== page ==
A town ordinance in Western Pennsylvania’s Scott Township allows unrestricted public access to any private property that might contain graves, and authorizes government searches for graves without a warrant or consent. PLF represents Rose Mary Knick, a single woman who lives alone on her property which allegedly contains some sort of ancient private burial site. PLF argues the law violates Ms. Knick’s protections under the Fourth and Fifth Amendments. Because a federal court refused to hear Ms. Knick’s case, PLF also challenged a procedural question that has stymied the rights of landowners across the country for more than three decades: When government violates property rights, may victims sue directly in federal court, or must they go to state courts first? On March 5, 2018, the Supreme Court announced it take up our case on the latter challenge over access to federal courts.
Weyerhaeuser v. U.S. Fish and Wildlife Service (2018)
Five years ago, federal regulators set aside over 1,500 acres in Louisiana owned by the Poitevent family and others, including Weyerhaeuser Company, as protected habitat for the dusky gopher frog—a species that has not been seen in the state for more than 50 years. Moreover, the government admits that the land in question is unsuitable for the frog, which would not survive if it were moved there. PLF represents the Poitevent family and related businesses. If our challenge is successful, this case will protect every individual’s property rights by ensuring that environmental policy is balanced, based on common sense, and that regulators are accountable to the law.
Minnesota Voters Alliance v. Mansky (2018)
PLF client Andy Cilek fell victim to a Minnesota election law that literally strips free speech rights from the backs of voters. The law bans voters from wearing any “political” apparel at a polling place. This includes any t-shirt, button, or other items that could be construed as political, or even apparel from organizations that take political positions such as the AFL-CIO or NRA. Voters who don’t cover or remove the apparel could face prosecution and fines of up to $5,000. The High Court heard the case on February 28, 2018, and a decision is expected in June.
These cases were sent back to lower courts, based on victories in similar PLF Supreme Court cases.
Kent Recycling Services, LLC v. U.S. Army Corps of Engineers (2016)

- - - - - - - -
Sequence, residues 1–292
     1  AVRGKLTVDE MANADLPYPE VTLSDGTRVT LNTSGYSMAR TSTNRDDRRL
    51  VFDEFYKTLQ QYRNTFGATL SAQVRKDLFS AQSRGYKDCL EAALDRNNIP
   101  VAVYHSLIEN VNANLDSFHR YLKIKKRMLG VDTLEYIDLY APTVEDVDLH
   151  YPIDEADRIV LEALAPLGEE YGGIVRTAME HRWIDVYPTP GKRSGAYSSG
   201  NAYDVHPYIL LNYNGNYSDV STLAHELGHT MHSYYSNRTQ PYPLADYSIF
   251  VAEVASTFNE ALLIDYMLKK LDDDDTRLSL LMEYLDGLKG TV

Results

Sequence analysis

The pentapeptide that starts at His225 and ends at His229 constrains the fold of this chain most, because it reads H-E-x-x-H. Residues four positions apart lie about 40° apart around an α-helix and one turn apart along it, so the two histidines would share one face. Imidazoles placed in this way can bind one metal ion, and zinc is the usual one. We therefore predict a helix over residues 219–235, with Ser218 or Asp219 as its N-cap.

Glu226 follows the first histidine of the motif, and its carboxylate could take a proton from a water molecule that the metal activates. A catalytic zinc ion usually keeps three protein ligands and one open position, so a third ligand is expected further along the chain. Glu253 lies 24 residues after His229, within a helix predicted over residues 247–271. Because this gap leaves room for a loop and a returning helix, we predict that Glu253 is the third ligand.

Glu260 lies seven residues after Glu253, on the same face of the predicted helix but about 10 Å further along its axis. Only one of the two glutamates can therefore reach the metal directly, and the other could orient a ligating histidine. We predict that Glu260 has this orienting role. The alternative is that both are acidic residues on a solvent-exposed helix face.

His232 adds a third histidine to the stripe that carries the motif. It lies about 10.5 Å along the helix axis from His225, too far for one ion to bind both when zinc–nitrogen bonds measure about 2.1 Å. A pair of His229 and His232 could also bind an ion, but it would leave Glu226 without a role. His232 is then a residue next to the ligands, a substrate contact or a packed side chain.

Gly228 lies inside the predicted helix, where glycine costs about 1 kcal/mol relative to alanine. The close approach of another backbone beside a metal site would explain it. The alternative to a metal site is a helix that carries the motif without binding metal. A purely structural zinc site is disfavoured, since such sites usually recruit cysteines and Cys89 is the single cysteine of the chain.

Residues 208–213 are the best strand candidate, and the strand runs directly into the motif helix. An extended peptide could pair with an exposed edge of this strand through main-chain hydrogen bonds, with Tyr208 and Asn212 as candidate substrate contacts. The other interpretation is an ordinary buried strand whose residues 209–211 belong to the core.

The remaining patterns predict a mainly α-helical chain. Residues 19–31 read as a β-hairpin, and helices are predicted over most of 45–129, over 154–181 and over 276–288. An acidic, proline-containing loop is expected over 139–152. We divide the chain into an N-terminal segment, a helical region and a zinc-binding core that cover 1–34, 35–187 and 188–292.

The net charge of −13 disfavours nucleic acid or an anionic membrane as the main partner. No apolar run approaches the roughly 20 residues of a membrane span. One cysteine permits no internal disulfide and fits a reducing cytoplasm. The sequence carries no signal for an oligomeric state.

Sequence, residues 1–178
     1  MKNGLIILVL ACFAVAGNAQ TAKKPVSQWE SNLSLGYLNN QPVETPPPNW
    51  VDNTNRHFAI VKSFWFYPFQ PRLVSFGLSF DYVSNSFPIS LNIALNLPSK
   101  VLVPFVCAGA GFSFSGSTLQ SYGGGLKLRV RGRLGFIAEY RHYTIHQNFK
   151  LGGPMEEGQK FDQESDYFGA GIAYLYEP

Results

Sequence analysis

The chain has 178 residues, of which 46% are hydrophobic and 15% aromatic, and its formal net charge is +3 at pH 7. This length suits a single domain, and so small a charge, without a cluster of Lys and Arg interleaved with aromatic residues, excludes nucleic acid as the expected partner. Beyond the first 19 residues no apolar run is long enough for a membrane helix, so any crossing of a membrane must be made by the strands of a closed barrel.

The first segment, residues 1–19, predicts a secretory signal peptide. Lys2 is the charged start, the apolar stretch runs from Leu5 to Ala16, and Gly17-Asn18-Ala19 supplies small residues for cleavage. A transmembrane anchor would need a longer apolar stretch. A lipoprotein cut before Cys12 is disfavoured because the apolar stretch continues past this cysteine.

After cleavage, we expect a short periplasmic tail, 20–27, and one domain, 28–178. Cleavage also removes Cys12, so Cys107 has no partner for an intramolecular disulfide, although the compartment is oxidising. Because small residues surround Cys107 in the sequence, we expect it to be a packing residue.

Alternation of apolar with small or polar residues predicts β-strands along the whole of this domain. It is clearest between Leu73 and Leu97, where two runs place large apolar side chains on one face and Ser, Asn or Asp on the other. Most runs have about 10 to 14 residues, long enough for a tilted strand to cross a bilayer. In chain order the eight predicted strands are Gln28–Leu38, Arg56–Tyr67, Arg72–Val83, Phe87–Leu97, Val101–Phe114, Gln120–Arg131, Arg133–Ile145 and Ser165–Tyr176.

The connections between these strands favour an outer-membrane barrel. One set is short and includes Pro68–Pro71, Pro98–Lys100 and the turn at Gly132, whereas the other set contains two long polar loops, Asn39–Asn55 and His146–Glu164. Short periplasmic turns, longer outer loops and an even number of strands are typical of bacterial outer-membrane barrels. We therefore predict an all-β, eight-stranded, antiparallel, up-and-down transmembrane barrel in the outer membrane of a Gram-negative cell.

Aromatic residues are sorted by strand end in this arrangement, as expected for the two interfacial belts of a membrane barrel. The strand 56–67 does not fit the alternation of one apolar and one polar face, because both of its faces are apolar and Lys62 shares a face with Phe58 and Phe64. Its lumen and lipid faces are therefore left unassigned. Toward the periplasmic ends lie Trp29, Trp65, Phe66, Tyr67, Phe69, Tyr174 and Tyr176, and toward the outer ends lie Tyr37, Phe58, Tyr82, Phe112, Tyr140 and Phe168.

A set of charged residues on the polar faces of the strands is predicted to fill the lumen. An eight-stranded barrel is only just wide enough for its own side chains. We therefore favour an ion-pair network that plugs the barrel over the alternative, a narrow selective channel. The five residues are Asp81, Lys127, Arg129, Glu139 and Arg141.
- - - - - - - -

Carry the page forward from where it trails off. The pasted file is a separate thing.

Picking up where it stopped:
Kent Recycling Services wanted to establish a solid waste landfill in Louisiana. But an overzealous Corps of Engineers determined that the property contained wetlands subject to federal regulation under the Clean Water Act. Kent disputed this claim, but lower courts rejected his lawsuit because the Corps’ determination was not “final.” A few days after PLF’s victory in Hawkes, affirming landowners’ right to their day in court, the Court in Kent Recycling sent the case back to the lower court for reconsideration in light of its ruling in Hawkes.
Gerke Excavating v. United States (2006)
Gerke Excavating was fined $55,000 for grading and removing tree stumps and soil from a 5.8 acre parcel of property. In asking the Supreme Court to take the case, PLF argued that our client’s property was not subject to the Army Corps of Engineers’ wetlands jurisdiction because the property did not abut any navigable water, and any connection to a navigable water was so tenuous that the United States lacked jurisdiction. The Court sent the case back to the lower court for reconsideration in light of its decision in Rapanos.
Murr v. Wisconsin (2016)
This unfortunate ruling allowed Wisconsin to treat two separate parcels as one parcel. The government combined the use and value of the Murrs’ developed parcel with their vacant parcel next door as a maneuver to avoid paying compensation for blocking the sale or development of the undeveloped parcel. In dissent, Chief Justice Roberts wrote, “This is just another opportunity to gerrymander the definition of ‘private property’ to defeat a taking claim….The majority’s new framework compromises the Takings Clause as a barrier between individuals and the public interest.” However, this case has a happy ending: the Murr family successfully lobbied the Wisconsin legislature to pass a fix, protecting owners of separate, adjacent lots from having their properties combined without their consent.
Costle v. Pacific Legal Foundation (1980)
Los Angeles’ Hyperion Wastewater Treatment Plant needed a new permit from EPA to discharge sewage into the ocean. John B. Kilroy, Sr., a Los Angeles citizen, wanted EPA to provide a public hearing about the permit, which they didn’t do. With PLF’s help, Kilroy sued to enforce the public’s right for input on important environmental matters. The Ninth Circuit Court agreed with PLF, but the Supreme Court determined that anyone seeking a hearing must provide more factual evidence for why a hearing is needed. The silver lining: Although the High Court sided with the government in the unique circumstances of this case, they emphasized that maximizing public participation in government decision-making was an important national goal and a congressional priority.